Wednesday, September 19, 2012

Idea for simple expression builder UI

Hoping to get some feedback here (or may be this will be useful to someone looking at solving a similar problem). We need to code a simple visual control for building basic expressions — this is needed to add derived (calculable?) fields to our reporting engine.

The Problem

In a report there is a number of predefined fields, each with their unique name (and a description). We need to have a way for users to create their own fields, which would be based on already available ones.

For example, if we have fields QtyBefore and QtyAfter, the user may want to add to their report possibility to display the delta fraction (which would be (QtyAfter - QtyBefore) / QtyBefore). We can't really predict all the possible fields that may be needed, thus it would not be reasonable to stuff the original report with all of this — so, we'd like to allow the user to be able to create such derived fields.

Yet we don't really need all the power of Excel-like formulas, and would like to create a mechanism that is simple, is (more or less) fool-proof, and is not too complicated to implement (being wise developers and all).

Proposed Solution

So here's the idea, let me know what you think.

The expression is originally built as a simple Operand 1 | Operation | Operand 2, where both operands and the operation can be selected from the drop-down, like this (Balsamiq is great for quick UI ideas!):


The fact that you select from the drop-down means you can't go wrong! So, you can create a very simple field with just that approach:


The drop-down uses field descriptions, which are user-friendly (and passes back to the server the field names, which are unique).

Being the observant kind you'll notice the last entry in the operand drop-down — “Complex operand” (there could be a better name for it, suggestions welcome). I think of adding small foot-note to the control to briefly explain its usage. Selecting that option will replace the drop-down with another simple expression, adding brackets for clarity:


The small “cross” icon on the bracket allows to revert from complex to simple operand selection.

Such recursion allows creating any number of levels of inserted statements (for addition and subtraction this is unavoidable).

That's all!

This could be easily expanded to have “Functions” and “Constants”, by adding more operand types. A predefined list of functions would use their own number of operands. This is getting too close to Excel-formula territory, though, and we don't want our users to suffer from headaches!

What I like about this idea is that if all the fields are selected (no ellipsis left), there is no way to construct an “incorrect” expression — all the fields and operations are predefined, and the precedence is defined by brackets (or “complex operands”).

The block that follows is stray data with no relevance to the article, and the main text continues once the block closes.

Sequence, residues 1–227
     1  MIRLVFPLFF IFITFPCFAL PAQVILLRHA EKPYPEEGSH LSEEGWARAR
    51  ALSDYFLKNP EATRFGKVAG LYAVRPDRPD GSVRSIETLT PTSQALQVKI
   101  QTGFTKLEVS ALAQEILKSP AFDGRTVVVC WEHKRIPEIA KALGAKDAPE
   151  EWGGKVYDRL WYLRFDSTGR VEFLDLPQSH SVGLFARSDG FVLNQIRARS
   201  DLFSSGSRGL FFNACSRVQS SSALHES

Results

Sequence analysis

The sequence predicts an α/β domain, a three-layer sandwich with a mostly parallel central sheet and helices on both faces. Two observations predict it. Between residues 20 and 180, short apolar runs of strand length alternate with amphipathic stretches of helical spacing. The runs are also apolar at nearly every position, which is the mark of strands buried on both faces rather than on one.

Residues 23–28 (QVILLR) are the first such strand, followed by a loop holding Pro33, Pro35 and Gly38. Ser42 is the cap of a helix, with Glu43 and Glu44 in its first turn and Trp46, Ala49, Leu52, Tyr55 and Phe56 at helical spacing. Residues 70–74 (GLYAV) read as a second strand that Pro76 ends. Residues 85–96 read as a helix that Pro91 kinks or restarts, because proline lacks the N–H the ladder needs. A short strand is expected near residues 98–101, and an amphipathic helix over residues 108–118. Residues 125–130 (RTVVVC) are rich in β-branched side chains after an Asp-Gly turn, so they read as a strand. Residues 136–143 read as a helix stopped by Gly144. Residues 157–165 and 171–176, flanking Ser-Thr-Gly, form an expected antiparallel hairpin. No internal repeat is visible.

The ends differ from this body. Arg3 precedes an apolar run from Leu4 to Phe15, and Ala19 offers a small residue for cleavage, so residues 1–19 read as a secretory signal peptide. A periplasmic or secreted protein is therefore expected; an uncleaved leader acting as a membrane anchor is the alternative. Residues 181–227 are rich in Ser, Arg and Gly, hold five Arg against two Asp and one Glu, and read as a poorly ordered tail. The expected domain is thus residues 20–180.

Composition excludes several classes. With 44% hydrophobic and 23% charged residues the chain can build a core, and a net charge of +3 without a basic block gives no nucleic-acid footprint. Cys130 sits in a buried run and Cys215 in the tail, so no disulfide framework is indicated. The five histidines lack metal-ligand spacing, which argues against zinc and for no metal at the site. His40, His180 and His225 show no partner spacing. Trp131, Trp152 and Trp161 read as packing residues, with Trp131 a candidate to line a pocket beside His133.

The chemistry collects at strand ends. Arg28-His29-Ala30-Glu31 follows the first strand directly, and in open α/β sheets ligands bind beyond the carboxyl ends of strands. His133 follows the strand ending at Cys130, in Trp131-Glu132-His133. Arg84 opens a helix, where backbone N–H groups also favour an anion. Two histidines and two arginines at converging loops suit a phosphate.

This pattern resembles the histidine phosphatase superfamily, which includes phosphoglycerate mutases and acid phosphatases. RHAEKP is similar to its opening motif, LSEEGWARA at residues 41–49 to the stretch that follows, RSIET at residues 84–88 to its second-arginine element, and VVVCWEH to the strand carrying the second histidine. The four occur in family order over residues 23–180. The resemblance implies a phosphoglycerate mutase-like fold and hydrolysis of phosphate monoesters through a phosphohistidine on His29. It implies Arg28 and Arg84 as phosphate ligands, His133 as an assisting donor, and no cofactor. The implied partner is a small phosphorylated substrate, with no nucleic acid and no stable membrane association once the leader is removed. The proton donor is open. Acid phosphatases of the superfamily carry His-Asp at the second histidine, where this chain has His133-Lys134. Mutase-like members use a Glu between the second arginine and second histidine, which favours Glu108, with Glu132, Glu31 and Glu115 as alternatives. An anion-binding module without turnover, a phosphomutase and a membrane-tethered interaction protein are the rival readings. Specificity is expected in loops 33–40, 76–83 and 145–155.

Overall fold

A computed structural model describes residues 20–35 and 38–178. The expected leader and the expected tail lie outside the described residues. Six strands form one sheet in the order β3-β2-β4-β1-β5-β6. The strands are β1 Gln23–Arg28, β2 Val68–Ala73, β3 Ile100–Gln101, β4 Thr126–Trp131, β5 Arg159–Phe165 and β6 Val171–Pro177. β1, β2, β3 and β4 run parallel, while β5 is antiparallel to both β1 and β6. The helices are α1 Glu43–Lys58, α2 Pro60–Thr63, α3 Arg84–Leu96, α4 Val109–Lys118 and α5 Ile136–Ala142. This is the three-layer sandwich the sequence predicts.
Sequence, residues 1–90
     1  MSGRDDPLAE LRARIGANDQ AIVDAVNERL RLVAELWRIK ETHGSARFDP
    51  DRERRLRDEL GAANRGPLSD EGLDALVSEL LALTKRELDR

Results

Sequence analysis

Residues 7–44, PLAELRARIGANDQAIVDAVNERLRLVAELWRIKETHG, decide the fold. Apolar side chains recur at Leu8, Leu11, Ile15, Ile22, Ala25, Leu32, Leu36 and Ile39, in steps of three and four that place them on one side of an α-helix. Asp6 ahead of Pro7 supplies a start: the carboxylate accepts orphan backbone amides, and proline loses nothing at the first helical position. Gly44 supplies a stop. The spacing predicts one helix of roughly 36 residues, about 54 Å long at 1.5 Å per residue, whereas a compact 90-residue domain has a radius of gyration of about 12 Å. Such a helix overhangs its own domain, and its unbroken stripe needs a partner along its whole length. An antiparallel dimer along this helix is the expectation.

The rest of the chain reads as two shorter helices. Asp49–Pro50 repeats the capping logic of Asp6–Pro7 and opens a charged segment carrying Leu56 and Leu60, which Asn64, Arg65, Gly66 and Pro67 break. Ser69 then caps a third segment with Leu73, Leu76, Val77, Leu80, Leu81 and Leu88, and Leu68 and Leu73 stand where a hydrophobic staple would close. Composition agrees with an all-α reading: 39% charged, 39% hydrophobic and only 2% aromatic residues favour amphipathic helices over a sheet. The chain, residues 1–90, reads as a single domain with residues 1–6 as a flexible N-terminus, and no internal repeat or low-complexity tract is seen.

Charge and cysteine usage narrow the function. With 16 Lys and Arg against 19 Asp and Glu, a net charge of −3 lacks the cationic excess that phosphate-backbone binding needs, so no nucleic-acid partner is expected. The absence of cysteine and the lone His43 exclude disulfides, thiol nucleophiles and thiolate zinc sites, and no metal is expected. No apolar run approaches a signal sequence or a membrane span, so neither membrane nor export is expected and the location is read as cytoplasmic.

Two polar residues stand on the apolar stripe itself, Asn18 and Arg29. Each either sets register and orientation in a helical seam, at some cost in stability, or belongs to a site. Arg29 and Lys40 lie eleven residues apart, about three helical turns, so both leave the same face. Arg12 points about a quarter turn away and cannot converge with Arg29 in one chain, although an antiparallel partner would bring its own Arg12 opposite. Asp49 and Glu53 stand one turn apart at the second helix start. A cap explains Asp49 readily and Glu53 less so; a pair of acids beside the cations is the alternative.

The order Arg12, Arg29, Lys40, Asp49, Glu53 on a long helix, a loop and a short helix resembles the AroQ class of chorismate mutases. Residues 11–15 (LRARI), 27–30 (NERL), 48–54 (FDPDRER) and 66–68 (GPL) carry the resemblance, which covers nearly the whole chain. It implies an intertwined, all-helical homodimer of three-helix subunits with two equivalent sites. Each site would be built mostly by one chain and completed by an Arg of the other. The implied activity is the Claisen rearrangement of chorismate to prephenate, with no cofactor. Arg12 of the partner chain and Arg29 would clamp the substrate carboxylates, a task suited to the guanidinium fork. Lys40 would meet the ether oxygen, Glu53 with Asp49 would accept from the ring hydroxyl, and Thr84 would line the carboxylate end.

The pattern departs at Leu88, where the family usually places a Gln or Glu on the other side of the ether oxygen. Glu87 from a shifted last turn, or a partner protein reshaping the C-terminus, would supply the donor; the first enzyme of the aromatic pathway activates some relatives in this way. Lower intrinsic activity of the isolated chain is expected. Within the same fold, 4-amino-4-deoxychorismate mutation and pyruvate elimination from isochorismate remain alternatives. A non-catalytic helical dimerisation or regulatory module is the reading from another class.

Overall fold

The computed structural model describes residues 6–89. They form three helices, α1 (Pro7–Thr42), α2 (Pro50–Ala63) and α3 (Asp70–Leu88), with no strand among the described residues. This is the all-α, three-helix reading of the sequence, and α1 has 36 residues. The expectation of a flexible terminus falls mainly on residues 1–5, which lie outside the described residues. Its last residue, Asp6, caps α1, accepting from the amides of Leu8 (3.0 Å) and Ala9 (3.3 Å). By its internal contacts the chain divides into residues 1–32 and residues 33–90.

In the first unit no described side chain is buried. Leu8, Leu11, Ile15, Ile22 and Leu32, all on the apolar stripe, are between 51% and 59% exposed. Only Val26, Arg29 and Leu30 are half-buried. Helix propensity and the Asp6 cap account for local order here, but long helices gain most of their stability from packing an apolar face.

A potential problem is that it can grow “wide” very quickly. Although I guess it is the case with mathematical expressions anyway. It could be partially solved by making division operand a horizontal line (effectively halving the width of that part of the expression), but I don't really want to overdo it.

Also, there could be too many fields in the report to choose from, endless drop-downs — that could be solved with a smarter drop-down, one that allows free-text searching (that would be nice anyway, actually).

By the way, evaluating such an expression can easily be done with Dijkstra's “Shunting-yard algorithm”. I learnt that in the Algorithms course, so studying is great!

Let me know what you think, perhaps you have ideas of simple improvements!


8 comments:

  1. Excel-like typing in formulas still seems simpler and more straightforward. Especially in case of something like A + B + C + D + E where it comes to 3 seconds of typing vs. 10 seconds of drop-down juggling. It's not difficult to validate formula as it's typed and give immediate feedback and field names can be hinted like it's often done for tags.

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    Replies
    1. With command-line style the main concern is that the users may not know how to find the fields they need — seeing them in a list is a great help.

      Though we can still show them beneath the command-line input, and validate on-the-fly, as you describe. Yeah, you may be right.

      Yet for less tech-savvy users just selecting things from drop-downs, with automatic solid protection from any kinds of errors may still be preferable, don't you think?

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    1. In this form we implemented it using jQuery, there are several interactions, but nothing too complicated.

      Though I have to tell you that since this article our custom expression UI went through 2 reworks, and the most recent version allows free-text entry of expressions, but emphasizes validation and error reporting, so if the user made a mistake we try to help them as much as possible.

      Perhaps I'll write about this soon, thanks for the reminder :)

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    2. Will love to see you recent work! The initial UI looked very promising, so I'm very curious how far did you went, without making it too complicated.

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  3. Having the same need here. We don't seem to be able to find a reusable UI component, particularly because there are custom functions (with custom parameters) that are specific to the data we handle. Seems like we'll follow your example and go in-house!

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  4. Very interesting. Would love to see your last work on this subject.

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